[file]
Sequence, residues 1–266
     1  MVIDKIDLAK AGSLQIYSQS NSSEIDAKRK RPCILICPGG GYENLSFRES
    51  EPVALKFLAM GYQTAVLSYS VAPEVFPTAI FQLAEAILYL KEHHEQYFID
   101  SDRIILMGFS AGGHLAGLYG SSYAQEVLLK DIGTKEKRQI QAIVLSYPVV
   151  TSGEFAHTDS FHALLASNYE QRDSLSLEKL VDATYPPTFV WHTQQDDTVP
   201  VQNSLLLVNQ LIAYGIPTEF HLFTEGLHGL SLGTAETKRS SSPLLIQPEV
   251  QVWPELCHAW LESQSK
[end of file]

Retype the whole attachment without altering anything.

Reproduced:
Sequence, residues 1–266
     1  MVIDKIDLAK AGSLQIYSQS NSSEIDAKRK RPCILICPGG GYENLSFRES
    51  EPVALKFLAM GYQTAVLSYS VAPEVFPTAI FQLAEAILYL KEHHEQYFID
   101  SDRIILMGFS AGGHLAGLYG SSYAQEVLLK DIGTKEKRQI QAIVLSYPVV
   151  TSGEFAHTDS FHALLASNYE QRDSLSLEKL VDATYPPTFV WHTQQDDTVP
   201  VQNSLLLVNQ LIAYGIPTEF HLFTEGLHGL SLGTAETKRS SSPLLIQPEV
   251  QVWPELCHAW LESQSK